The 4 Hour Workweek Series: Defining the Nightmare and Living our Dreamlines

For this next part of the series I wanted to explore two of Tim Ferriss’s exercises in one post. When you read the book, the two exercises have their own chapters; but for this post we’ll go over both of them.

As was discussed in my last post, DEAL is the workflow acronym for the transformational journey of becoming a part of the new rich. And from the outset, it is key that we define what we don’t want to happen and what we do want to happen now that we have accepted that we are going to become a part of the new rich. Or, free our income from the tyranny of place and our direct input.

To do this, which is to become a part of the mobile elite, we have to come to grips with a truth that is a little unsettling: you are not the first, nor the dumbest, person to go on this journey of freeing income from place and action. What’s more, you could have done it a loooooooong time ago, you know lots of other examples of people who have done it, and it is something that you have always wanted to do. The question that I have for you: why haven’t you become a part of the new elite yet?

If you are like most people, and Ferriss asserts this as well, you are scared of what action might do to your life if you did what you were thinking of doing. It really is that simple.

What Tim proposes is a two-prong attack for preparing the launch pad into the new rich.

Define the Nightmare

The first exercise is called, Defining the Nightmare, and lately I have been asking people this question. When people talk about what it is that they want to do with their lives, or the big plans that they have, I ask them this simple question, “what is the absolute worst that could happen if you did what it is that you are thinking?”

Now, Tim advises that a person writes down the nightmare in gruesome detail, using as much feeling, color, and sensation as possible. But in conversation most people don’t want to sit and word vomit on a page and have a conversation. For me, I simply goad them on by asking them, “Really, what would be the nightmare if you did…”

My experience when asking people this question is that the nightmare that they conjure up actually sounds like a relief. Seriously, I asked an employee of mine this question with regards to her wanting to write a book. For her, the worst things that could happen is that people would discover that she writes like a hick, and that the nagging voice telling her to finish the book would go away. To this I simply say, “Doesn’t sound too scary after all when you think about it, huh?”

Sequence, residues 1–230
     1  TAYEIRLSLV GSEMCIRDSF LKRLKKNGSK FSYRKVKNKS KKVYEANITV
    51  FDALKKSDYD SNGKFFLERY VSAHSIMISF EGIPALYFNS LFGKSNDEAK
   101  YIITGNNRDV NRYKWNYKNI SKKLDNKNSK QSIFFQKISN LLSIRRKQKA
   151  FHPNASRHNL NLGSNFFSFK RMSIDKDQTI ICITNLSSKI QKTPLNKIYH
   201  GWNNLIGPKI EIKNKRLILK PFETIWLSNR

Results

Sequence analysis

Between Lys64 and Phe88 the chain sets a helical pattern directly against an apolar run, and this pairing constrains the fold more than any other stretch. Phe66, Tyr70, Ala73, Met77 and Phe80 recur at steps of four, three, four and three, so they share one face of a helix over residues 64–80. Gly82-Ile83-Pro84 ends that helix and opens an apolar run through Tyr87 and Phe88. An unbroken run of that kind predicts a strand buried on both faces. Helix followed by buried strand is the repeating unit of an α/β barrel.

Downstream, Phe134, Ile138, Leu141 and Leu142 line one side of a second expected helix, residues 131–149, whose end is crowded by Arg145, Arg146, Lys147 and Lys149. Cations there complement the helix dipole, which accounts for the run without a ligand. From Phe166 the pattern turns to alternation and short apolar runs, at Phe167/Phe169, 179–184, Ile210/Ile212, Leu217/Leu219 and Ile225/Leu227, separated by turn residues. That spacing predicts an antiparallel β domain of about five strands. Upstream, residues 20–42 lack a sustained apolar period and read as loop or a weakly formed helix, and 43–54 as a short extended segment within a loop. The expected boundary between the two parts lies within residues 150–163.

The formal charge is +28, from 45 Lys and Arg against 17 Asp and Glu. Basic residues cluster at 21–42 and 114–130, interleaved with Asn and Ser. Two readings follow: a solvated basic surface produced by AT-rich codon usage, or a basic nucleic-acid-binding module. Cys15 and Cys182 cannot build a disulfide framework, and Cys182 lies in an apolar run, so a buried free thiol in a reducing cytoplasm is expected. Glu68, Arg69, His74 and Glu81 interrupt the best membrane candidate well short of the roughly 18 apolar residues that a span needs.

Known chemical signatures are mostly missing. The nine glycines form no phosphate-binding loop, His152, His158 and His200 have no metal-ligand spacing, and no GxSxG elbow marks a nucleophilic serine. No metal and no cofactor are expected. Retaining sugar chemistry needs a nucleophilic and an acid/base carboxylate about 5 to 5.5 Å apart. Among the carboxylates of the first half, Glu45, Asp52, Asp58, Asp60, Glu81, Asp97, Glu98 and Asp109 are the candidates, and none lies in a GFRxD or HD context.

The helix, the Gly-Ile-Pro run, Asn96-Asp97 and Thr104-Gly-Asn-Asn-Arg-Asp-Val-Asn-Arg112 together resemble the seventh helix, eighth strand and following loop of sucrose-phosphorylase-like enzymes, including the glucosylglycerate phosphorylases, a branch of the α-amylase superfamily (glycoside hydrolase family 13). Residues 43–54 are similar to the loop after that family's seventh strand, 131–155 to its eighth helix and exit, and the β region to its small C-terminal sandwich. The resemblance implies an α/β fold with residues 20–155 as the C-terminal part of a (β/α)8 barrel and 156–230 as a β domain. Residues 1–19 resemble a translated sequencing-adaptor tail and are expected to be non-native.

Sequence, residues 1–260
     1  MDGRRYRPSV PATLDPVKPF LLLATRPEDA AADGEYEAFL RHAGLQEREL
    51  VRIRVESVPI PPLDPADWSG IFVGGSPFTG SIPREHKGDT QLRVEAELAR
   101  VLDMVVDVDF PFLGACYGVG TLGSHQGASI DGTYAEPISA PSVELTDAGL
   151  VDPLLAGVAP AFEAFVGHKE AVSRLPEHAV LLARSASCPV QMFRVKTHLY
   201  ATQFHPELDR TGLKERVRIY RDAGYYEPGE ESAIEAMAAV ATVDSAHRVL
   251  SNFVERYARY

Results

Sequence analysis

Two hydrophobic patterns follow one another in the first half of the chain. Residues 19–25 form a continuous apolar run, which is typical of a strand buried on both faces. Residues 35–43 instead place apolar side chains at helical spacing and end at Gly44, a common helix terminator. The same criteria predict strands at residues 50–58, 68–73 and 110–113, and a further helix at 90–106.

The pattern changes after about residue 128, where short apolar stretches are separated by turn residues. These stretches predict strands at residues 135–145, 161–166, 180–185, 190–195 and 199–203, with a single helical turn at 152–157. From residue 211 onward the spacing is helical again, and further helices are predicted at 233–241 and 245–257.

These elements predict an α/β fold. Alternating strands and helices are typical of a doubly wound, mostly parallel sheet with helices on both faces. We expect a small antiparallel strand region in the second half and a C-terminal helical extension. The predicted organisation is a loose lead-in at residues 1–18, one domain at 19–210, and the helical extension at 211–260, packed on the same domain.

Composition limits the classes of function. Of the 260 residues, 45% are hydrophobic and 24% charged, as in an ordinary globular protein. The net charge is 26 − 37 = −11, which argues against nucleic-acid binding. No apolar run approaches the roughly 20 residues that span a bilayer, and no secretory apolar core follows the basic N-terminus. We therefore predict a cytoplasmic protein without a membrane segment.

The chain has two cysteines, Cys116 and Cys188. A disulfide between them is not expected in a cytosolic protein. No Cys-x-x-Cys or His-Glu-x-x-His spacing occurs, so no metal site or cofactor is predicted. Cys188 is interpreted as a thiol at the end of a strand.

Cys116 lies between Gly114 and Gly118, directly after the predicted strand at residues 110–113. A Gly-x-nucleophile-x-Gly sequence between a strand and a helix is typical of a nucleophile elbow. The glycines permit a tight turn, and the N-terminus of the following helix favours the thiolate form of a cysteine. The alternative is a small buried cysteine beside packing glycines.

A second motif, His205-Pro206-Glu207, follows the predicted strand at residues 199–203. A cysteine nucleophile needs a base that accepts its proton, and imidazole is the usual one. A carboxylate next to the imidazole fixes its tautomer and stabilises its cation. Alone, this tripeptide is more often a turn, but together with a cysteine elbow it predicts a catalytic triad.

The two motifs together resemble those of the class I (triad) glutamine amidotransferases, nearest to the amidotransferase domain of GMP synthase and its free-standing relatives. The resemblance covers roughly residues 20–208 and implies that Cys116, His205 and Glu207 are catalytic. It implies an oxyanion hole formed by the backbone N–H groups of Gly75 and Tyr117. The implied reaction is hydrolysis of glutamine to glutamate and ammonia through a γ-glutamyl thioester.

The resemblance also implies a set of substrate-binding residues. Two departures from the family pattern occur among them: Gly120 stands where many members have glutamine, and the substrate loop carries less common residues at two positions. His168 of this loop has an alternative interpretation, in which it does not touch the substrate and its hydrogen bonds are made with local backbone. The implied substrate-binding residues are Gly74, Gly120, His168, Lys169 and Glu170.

People are willing to live with self-doubt and self-criticism for years, decades even. And the reason for this is simple – people will tolerate familiar discomfort over investigating unknown excitement. Why they do this is simple, tolerating discomfort keeps you safe (for the most part) and investigating the unknown involves risks (sometimes). And for many, just helping them see through the ghost of the unknown, the proverbial nightmare tends to lose its power.

With that being said, just dispelling our nightmares is not always enough to get us to move forward. We also have to dream.

Dreamlining

For the next exercise, Tim helps his readers understand that becoming a part of the New Rich, to undergo the transformational DEAL framework, is not about creating a vacuum of time. The purpose of freeing your income and person from place and responsibility is so that you can pursue what excites you. Ferriss is quite explicit not to use the word happiness because he believes that happiness is not motivating enough to get you to free your self. He would argue that happiness can be bought with a bottle of wine and a loaf of artisan bread. That’s where dreamlining comes in.

Dreamlining is the process of defining what will be true for you in the next six months. What will you have, what will you be, and what will you be doing now that you have become a part of the new rich.

What I love about this exercise is the emphasis on a short timeline (Parkinson’s Law), and the clear emphasis on being/doing instead of just having. So here is how it works. Take a piece of paper and you are going to write today’s date and the date it will be 6 months from today. Then you are going to create three columns, label them “Have” “Be” “Doing”, and turn on your thinking cap. What you are going to do is you are going to write down five examples of things that will change your life for you if they were true.